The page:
Linklater has always used time as a character. It’s in the titles of his Before trilogy, featuring Ethan Hawke and Julie Delpy as characters at different junctures: Before Sunrise, Before Sunset, Before Midnight. They have to reconnect in each film—and fast, because the clock is ticking. I love these films, but they’re talky. Linklater is so literal about time he never seems to use the full, transcendent resources of cinema.
“Bill Clinton: No. No. I’d like to keep my foundation alive and well and do what I can. I love that, but I will do whatever she wants and whatever it takes to support her I will do. I may, when she was elected to the Senate and I was leaving the White House I thought that, now she helped me every sense from 1974, that’s 26 years. So I will help her for 26 years and if we’re still alive, then we will have an argument about what to do next. So I am only about, I am a little more than half way through the 26 years obligation.”—'Impressed with Narendra Modi's Economic Policies', Bill Clinton Tells NDTV: Full Transcript - NDTV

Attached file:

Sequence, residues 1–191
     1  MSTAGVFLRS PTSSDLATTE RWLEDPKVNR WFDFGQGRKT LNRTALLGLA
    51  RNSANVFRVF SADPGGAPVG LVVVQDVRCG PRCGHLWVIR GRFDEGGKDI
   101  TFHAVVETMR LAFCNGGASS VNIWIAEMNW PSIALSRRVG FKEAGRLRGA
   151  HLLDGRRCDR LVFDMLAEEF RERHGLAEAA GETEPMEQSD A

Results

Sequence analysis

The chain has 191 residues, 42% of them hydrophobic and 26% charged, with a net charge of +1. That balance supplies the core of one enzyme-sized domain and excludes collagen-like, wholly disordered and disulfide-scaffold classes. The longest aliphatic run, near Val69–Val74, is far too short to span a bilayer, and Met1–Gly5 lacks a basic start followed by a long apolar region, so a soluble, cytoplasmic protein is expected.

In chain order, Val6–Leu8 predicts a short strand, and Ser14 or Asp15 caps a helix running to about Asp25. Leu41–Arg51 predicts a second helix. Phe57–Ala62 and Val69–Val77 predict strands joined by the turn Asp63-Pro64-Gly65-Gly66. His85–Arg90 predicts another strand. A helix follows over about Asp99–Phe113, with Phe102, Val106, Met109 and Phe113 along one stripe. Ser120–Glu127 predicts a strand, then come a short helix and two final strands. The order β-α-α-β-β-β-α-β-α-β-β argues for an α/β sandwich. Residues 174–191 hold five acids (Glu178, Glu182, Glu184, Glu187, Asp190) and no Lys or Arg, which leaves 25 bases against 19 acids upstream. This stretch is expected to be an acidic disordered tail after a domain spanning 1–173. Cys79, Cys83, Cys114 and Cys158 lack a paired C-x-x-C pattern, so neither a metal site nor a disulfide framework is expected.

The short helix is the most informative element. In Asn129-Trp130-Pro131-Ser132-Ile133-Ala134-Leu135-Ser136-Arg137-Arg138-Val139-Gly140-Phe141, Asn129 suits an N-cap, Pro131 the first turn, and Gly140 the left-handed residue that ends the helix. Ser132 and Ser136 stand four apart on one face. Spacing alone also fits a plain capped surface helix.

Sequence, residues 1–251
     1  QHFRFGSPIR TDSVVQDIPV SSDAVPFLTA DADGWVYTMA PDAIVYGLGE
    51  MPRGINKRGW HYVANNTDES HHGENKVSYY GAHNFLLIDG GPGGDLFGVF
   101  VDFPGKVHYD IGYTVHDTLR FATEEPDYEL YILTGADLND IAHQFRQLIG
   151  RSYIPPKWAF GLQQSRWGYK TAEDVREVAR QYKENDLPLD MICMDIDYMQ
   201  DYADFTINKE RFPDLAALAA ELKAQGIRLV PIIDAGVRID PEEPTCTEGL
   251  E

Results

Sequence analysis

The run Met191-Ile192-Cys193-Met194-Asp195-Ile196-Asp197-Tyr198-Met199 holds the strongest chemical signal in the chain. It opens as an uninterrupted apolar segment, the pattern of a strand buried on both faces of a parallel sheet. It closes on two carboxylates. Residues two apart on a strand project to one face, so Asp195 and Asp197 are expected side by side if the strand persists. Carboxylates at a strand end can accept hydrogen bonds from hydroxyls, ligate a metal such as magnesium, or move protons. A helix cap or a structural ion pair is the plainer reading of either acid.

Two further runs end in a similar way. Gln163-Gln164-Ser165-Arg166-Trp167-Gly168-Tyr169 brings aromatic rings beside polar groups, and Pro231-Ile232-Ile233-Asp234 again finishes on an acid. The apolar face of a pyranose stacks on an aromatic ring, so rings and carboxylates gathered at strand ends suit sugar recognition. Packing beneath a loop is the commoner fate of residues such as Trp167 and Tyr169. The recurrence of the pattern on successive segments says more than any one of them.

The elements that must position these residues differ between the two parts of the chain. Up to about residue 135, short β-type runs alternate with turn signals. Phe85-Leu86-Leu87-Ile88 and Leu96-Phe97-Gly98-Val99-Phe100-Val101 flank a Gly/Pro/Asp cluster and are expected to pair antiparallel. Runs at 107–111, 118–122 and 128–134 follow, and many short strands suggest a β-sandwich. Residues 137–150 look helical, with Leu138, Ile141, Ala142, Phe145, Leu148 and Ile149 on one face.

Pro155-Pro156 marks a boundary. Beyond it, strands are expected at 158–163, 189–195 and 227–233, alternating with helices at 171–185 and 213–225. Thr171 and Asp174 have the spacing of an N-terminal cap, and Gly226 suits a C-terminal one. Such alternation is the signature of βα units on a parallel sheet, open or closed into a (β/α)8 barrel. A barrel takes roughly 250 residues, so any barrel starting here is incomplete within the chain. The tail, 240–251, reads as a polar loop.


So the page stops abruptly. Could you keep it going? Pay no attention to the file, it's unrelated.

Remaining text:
Hey guys, this is an article about my very good friend’s aunt’s grandson.
Danny Nickerson is sick, and there is a very slim chance that he will be getting better. His parents thought it would be cool if everyone could help him celebrate his upcoming 6th birthday by sending him a letter or postcard.
His birthday is July 25, so you still have time to pick up something to mail him:
Okay, so I’ve been filing through other peoples’ conversion stories and one common issues seems to be a language barrier. Would it be beneficial to begin taking basic lesson in Hebrew? I know that I saw a few books at the used book store on beginners Hebrew last weekend and it’s probably safe to assume they’ll be there when I get my next paycheck, should I invest in these?
Meant to answer this earlier! So, if you’re thinking of converting Orthodox (or even Conservative), most (if not all) of the prayer service will be in Hebrew (and Torah reading also). I think a good place to start building familiarity is with prayer text… there may be learners’ minyans in your area, but make sure to start small - something like the Shema - and go from there.